Just as Tesla’s 1000th production vehicle—Roadster and Roadster Sport models—rolled off the line, the San Carlos, CA-based electric-car manufacturer has firmly entrenched itself in development of its second production vehicle, the Model S, which was shown for the first time in prototype form at January’s North American International Auto Show in Detroit, MI.
Unlike the two-seat Roadster, the Model S was designed to seat five adults, plus two children in rear-facing child seats. The Model S will share some of the same features as the Roadster, including the powertrain—a 375-V ac electric motor and single-speed gearbox—and lithium-ion charging structure; however, the additional packaging freedom afforded by the Model S’ larger dimensions allowed engineers to re-evaluate the placement of components.
In the Model S, the motor will be mounted horizontally, in contrast to the Roadster’s vertical orientation, and the batteries will run flat beneath the floor of the vehicle, as opposed to being stored in a large box behind the seats as in the Roadster. These modifications have also aided in the vehicle’s driving dynamics.
“With the battery and the motor being mounted so low in the vehicle, the center of gravity is going to be incredible, which is really going to give the car unrivaled type handling,” said Zak Edson, Director, Product Planning, Tesla.
With its larger size and weight, it was considered important to add extra cooling efficiency when developing the Model S.
“Currently in the Roadster, the battery is liquid-cooled, but the electronics and the motor are air-cooled,” Edson said. “In the Model S, the motor and electronics will both be liquid-cooled. It allows you to produce a higher constant current without everything getting too hot.”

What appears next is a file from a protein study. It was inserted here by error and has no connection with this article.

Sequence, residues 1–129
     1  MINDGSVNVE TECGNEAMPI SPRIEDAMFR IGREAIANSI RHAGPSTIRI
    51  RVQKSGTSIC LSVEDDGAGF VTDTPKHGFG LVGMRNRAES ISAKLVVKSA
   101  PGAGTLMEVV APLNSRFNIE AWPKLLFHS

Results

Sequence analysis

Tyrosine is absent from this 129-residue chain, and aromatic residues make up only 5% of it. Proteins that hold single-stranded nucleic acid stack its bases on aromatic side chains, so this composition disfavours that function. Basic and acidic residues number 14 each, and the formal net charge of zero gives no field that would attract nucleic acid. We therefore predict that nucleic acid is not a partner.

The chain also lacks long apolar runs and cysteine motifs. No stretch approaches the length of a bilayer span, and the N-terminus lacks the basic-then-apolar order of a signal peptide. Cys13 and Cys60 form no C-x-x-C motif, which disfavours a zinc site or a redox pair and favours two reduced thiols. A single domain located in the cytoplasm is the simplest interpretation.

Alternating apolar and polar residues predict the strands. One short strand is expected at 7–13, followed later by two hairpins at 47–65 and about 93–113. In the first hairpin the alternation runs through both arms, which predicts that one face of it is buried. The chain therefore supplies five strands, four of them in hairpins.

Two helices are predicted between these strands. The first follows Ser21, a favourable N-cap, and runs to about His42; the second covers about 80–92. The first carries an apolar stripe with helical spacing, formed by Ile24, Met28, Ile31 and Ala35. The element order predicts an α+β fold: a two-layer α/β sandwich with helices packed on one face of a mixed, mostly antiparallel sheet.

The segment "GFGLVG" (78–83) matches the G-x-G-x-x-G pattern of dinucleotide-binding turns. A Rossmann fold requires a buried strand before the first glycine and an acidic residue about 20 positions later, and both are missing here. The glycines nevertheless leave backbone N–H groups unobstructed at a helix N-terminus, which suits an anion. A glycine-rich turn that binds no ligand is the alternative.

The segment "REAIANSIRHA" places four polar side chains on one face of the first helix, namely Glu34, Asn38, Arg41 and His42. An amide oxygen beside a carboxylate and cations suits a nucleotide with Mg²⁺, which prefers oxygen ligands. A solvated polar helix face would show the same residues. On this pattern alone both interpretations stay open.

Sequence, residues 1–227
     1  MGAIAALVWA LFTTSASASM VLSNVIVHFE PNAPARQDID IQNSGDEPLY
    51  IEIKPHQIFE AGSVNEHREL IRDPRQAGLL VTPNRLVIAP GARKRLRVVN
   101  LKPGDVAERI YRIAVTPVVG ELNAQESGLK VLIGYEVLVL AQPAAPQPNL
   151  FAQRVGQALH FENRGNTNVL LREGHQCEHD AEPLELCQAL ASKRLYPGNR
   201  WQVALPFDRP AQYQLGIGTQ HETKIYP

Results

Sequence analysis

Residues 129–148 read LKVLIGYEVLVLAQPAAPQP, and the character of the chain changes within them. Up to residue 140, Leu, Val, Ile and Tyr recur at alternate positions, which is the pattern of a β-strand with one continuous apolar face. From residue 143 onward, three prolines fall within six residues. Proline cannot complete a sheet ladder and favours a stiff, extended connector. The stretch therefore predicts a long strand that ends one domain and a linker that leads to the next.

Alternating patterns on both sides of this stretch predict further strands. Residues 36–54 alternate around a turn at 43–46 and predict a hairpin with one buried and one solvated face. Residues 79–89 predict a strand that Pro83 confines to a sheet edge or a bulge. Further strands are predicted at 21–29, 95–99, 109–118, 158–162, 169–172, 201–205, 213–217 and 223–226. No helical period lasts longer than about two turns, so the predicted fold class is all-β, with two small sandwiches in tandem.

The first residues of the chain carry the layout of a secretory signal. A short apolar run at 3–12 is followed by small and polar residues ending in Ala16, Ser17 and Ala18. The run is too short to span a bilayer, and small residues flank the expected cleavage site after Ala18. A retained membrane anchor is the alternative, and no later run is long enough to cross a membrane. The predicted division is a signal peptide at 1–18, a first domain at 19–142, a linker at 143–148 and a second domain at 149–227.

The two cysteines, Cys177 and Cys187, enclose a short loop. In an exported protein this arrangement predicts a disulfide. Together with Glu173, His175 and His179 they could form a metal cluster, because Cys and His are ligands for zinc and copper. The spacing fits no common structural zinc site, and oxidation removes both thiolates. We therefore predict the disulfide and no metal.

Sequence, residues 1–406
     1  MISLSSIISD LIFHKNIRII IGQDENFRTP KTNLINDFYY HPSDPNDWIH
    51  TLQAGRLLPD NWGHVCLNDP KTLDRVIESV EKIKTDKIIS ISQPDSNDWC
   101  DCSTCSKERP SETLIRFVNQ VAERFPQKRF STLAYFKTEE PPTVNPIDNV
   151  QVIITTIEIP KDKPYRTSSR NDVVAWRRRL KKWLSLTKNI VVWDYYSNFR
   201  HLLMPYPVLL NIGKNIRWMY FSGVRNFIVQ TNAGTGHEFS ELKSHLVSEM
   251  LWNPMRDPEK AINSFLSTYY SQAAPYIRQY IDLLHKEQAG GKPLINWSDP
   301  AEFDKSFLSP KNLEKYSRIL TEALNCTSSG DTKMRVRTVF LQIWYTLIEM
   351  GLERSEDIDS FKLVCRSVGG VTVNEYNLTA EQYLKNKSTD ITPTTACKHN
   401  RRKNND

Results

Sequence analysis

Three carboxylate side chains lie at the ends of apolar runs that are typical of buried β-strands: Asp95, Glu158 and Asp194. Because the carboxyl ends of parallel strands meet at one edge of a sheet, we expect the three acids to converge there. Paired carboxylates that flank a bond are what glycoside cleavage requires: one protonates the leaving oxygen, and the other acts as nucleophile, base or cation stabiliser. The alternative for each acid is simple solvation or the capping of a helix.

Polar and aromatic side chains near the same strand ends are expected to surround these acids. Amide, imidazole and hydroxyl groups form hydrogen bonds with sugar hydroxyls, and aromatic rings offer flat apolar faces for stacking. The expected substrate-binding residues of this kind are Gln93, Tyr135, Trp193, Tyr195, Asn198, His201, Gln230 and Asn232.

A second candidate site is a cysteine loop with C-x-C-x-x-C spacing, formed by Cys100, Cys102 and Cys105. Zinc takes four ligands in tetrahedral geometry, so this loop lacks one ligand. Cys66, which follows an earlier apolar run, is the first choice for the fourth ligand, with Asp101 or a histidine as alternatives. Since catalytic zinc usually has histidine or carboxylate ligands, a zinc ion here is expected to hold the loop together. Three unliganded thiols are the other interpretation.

Capability has also been added to the Model S to handle a 480-V charge in case commercial power stations become available in the future. A 480-V charge cuts charging time to around 45 min, compared with conventional 120- or 240-V outlets typically taking 3 to 5 h.
The interior of the Model S, shown for the first time at the Detroit Auto Show, features a 17-in infotainment touch screen with 3G/4G wireless connectivity. Considered to be the largest on the market “by a good margin,” according to Edson, the touch screen enables passengers to download applications and access real-time traffic and weather data.
Tesla is working with a component supplier for the hardware but developing the majority of the touch screen internally to fit the console’s unique shape.
“The technologies exist but nothing that’s in that size with automotive-grade durability,” Edson said. “It needs to be able to withstand the temperature extremes.”
The Model S shown at NAIAS is one of two running prototypes. The vehicle is currently undergoing component testing, with full-vehicle testing to follow, and production is expected to begin in early 2012.
“We learned a lot with the Roadster, so now it’s more about packaging everything and getting it all compliant,” Edson said. “It’s really the integration that’s the biggest challenge. We have people that are experts in these areas; it’s now a question of bringing it all together, doing all the required testing, and then getting it ready to approve.”